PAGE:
2. The “left” version of populist nationalism. Culturally conservative, worried by immigration (and willing to indulge popular anxieties), anxious about the effects of markets on working-class community. Maybe “blue Labour” in the UK is an example of this, though, of course, plenty of Labour politicians are willing to swing both “new” and “blue”, whistling a communitarian tune whilst relaxing planning laws for the supermarkets, which would be anathema to the core blue Labourites. British Labour leader Ed Miliband was plainly flirting with this current in his most recent speech. Like the first group, power is important for this current. But power isn’t everything, for two reasons: (a) being in government and not achieving improvement in social justice would be pointless for those members of this group who are not career politicians and (b) unlike the left-neoliberals there are things they can do outside of parliamentary politics: they can organize, resist, use the power of the trade unions (such as it is). The trouble for this group is that their core group of supporters, on whom they can rely at election time, has been getting smaller for decades and the solidaristic norms that used to be the conventional wisdom of their supporters are fraying, and will fray more as the material and institutional supports of the labour movement erode further (cf André Gorz, I suppose). The current UK government may be upsetting a lot of voters with its cuts policy, but, long-term, they are also chipping away at an important social support for this kind of politics: public sector employment.
3. The eco-left. Highly egalitarian. Deeply sceptical about the capacity of capitalism to provide real improvements in people’s lives through “growth”. Anxious about the way in which both the natural and the social environments that make life tolerable are being undermined by neoliberalism. Tending to communitarianism and anarchism. Not very coherently both localist/communitarian and cosmopolitan in outlook. Highly connected to the social movements that have in fact given us most of the left’s real policy gains in the past 40 years. Again, this group doesn’t need to win parliamentary elections to make a difference, since it can, to some extent, both organise resistance to government policy and implement alternative ways of living in the here and now. Obviously there are worries about thinking of this group coherent at all, since it takes in all kinds from the Zapatistas to Colin Ward-inspired anarchists, to UKUncut, the the Spanish street protesters, to Greens and maybe even some of the people who had washed up in the Lib Dems in the mistaken belief that it was to the left of Labour in the UK.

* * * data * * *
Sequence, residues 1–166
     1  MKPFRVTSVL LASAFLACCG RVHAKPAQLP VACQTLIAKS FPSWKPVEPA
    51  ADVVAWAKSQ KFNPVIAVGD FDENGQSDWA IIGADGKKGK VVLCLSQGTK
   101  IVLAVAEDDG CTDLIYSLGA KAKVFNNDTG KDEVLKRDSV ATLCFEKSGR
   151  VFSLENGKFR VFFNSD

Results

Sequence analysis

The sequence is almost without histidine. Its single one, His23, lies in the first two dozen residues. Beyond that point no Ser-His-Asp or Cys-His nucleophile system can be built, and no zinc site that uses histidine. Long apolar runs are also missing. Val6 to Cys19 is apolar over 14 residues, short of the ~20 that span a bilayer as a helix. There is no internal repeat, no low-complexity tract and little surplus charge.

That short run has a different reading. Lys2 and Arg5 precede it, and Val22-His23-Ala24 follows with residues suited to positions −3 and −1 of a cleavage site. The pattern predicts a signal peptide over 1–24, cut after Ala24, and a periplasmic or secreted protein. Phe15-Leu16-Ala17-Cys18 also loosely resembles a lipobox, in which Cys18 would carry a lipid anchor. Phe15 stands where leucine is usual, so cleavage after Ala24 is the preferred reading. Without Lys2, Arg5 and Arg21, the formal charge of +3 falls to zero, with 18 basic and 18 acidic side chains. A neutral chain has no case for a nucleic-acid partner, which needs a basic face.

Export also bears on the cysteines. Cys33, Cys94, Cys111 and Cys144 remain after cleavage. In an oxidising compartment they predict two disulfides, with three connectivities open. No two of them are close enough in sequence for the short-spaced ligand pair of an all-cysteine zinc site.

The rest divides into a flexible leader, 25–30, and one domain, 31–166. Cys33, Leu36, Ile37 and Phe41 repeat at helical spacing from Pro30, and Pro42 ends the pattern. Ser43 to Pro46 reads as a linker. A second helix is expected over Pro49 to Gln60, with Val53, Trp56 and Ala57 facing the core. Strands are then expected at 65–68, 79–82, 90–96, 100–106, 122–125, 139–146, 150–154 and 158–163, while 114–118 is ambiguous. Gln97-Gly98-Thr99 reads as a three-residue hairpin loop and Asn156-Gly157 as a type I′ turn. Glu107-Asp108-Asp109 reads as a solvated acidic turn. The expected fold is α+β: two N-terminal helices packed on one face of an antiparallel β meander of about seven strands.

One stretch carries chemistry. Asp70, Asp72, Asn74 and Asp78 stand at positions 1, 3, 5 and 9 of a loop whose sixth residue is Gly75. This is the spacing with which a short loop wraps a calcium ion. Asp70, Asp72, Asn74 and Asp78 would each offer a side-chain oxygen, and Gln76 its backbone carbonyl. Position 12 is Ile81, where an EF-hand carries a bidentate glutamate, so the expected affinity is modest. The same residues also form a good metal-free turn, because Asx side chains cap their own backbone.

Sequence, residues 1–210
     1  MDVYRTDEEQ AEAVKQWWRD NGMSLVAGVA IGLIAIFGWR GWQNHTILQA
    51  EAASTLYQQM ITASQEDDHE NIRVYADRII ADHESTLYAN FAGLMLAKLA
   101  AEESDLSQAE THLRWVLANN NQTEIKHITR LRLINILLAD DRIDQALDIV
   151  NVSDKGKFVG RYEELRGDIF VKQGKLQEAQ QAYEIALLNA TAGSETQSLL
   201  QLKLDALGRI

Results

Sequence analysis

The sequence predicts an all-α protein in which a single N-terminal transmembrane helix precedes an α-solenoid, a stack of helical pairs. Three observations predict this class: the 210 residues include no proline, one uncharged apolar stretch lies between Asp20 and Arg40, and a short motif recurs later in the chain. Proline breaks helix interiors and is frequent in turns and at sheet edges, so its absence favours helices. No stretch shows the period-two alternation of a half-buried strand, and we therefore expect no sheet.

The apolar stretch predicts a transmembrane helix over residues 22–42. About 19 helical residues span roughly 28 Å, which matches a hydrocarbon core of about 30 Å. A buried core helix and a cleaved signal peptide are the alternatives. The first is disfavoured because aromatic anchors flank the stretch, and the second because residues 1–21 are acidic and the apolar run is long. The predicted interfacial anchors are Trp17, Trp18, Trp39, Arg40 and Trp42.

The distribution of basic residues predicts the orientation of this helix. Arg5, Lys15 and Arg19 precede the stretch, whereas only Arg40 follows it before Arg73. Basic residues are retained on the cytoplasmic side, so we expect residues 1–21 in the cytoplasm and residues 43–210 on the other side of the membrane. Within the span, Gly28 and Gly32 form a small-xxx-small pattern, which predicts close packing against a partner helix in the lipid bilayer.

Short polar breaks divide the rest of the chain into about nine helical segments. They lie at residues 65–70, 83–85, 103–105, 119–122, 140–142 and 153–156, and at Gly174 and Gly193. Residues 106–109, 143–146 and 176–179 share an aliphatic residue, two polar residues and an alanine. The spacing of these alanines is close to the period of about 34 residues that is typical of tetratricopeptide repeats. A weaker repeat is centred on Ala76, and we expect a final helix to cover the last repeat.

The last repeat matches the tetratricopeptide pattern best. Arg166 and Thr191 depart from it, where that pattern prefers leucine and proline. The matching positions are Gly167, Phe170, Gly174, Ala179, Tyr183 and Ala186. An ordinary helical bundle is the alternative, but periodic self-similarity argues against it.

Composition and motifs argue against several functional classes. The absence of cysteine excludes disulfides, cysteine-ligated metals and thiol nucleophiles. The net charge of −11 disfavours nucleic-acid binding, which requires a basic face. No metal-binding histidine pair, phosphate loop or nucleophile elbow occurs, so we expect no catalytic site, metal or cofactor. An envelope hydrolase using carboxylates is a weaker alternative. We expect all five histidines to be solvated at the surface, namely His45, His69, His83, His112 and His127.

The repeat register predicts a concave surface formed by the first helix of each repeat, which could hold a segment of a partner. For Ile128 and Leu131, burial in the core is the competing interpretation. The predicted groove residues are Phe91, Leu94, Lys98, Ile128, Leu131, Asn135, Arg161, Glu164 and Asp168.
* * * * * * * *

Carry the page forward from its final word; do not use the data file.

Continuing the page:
4. The old Leninist hard left. Naturally they fancy themselves as the people strand 3 need to give them organization and direction. I don’t think so. Washed up, marginal, authoritarian and unappealing.
I have a lot of sympathy with the eco-left strand. The trouble is, whilst having, in many ways the most attractive long-term vision, it is probably electoral suicide (for now) for any left-of-centre party to run on a platform that eschews wealth-creation and rising living standards. And in the anglo-american world at least, associated ideas for shorter hours and job sharing are seen as marginal, impractical and extreme. Still, I see this group growing ever larger over time, as the environmental crisis becomes deeper, and as promises based on growth become both harder to keep and harder to translate into real improvements in quality of life. As this group grows in strength, the 1+2 alliance will become less stable since the compromises with global capitalism required by the quasi-neoliberal left will not be met be any compensating benefits for the constituency of left populist nationalism. Their voters, the swing voters of the left I suppose, will either move towards the eco-left or will drift towards xenophobic right-wing nationalism. How all this plays out, though, is surely going to vary a lot from country to country, depending on whether it is possible to build a coalition that could win elections or, as the next best thing, one with whom deals would need to made in order to govern. But I can’t think that the old 1+2 social democratic formula can be a winner for the left any more.